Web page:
Government procurement is a big business in Australia and abroad. For many businesses, being successful in government tenders is a key part of their strategy. Within Australia, 78,150 government contracts were entered into for the 2018/19 financial year worth a total of $64.5 billion. Globally, the World Trade Organization estimates that the government procurement market is worth $1.7trillion annually, just for the 48 signatory countries to the World Trade Organisation Government Procurement Agreement (“WTO GPA”).
With so many government contracts up for grabs, there is more scrutiny than ever of the government procurement process and government procurement decisions. But what happens when the procurement process isn’t followed? Can an unsuccessful tenderer actually challenge a government procurement decision? Historically, Australia has not had a clear answer to these questions and there has been no dedicated review mechanism available for government procurement decisions.
The commencement of the Government Procurement (Judicial Review) Act 2018 (Cth) (“GPJR Act”) last year marked a significant change in this position, at least at the federal level. States are now starting to follow suit with New South Wales the first to introduce similar legislation, in the form of the Public Works and Procurement Amendment (Enforcement) Act 2018 (NSW) (“PWPA Act”) which has now come into effect. But a year on, questions remain as to the extent of the practical benefits of these review mechanisms and whether businesses will be willing to take up this new opportunity to challenge government procurement decisions.
In this article, Emily Murphy and Macky Makar explain the new review mechanisms in the GPJR Act and discuss why this is a positive development on paper but has challenges in its practical impact.
The Government Procurement (Judicial Review) Act 2018 (Cth) (“GPJR Act”)  is the first of its kind in Australia and marks a significant change in what options are available to businesses who are aggrieved by a tender process or outcome.
The GPJR Act provides, for the first time, a distinct complaint mechanism for “covered procurements” being, certain procurements that are subject to the Public Governance and Accountability Act 2013 (Cth). The review mechanisms in the GPJR Act can be utilised where a participant in the tender process believes there has been a breach of the Commonwealth Procurement Rules. The Commonwealth Procurement Rules set out rules that must be followed by Commonwealth entities when procuring certain goods and services. There are a number of different parts to the Commonwealth Procurement Rules, but at its core, it is about value for money, as well as efficient, effective, economical and ethical procurement.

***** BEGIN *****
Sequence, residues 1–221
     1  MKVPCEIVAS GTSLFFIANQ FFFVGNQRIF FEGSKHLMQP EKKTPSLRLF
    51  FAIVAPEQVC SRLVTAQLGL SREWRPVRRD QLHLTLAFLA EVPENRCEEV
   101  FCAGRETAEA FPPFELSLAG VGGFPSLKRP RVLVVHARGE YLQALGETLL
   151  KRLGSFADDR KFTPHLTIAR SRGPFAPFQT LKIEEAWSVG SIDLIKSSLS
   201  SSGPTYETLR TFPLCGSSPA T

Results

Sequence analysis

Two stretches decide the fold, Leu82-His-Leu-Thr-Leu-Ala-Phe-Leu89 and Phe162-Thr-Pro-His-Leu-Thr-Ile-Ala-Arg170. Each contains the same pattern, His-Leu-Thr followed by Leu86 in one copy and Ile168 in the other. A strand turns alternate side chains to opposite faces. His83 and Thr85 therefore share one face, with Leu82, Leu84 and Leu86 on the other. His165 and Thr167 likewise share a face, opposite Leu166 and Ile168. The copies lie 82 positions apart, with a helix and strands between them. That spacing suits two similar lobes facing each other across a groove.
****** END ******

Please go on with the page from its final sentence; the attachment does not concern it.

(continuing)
Once it is established that the GPJR Act applies and a breach of the Commonwealth Procurement Rules is suspected, the steps for a complainant are as follows.
The GPJR Act applies to covered procurements from 19 April 2019, and almost a year later, there have been no known test cases before the Federal Court. Much is still unknown about how the Court will interpret and apply the GPJR Act and in particular, how it will award “reasonable compensation” to complainants.
The underlying purpose of the GPJR Act is really to comply with Australia’s international obligations. It was introduced in order to fill a gap in the law that was preventing Australia from ascending to the World Trade Organisation Government Procurement Agreement (“WTO GPA”).
Following a lengthy four year accession process, last year Australia became the latest country to become a signatory the WTO GPA. But this was only possible after it was able to demonstrate an express right to review government procurement decisions, in a way which complied with the WTO GPA. As this was a right that did not previously exist in a clear way, Australia enacted the GPJR Act which then paved the way for its ascension to the WTO GPA.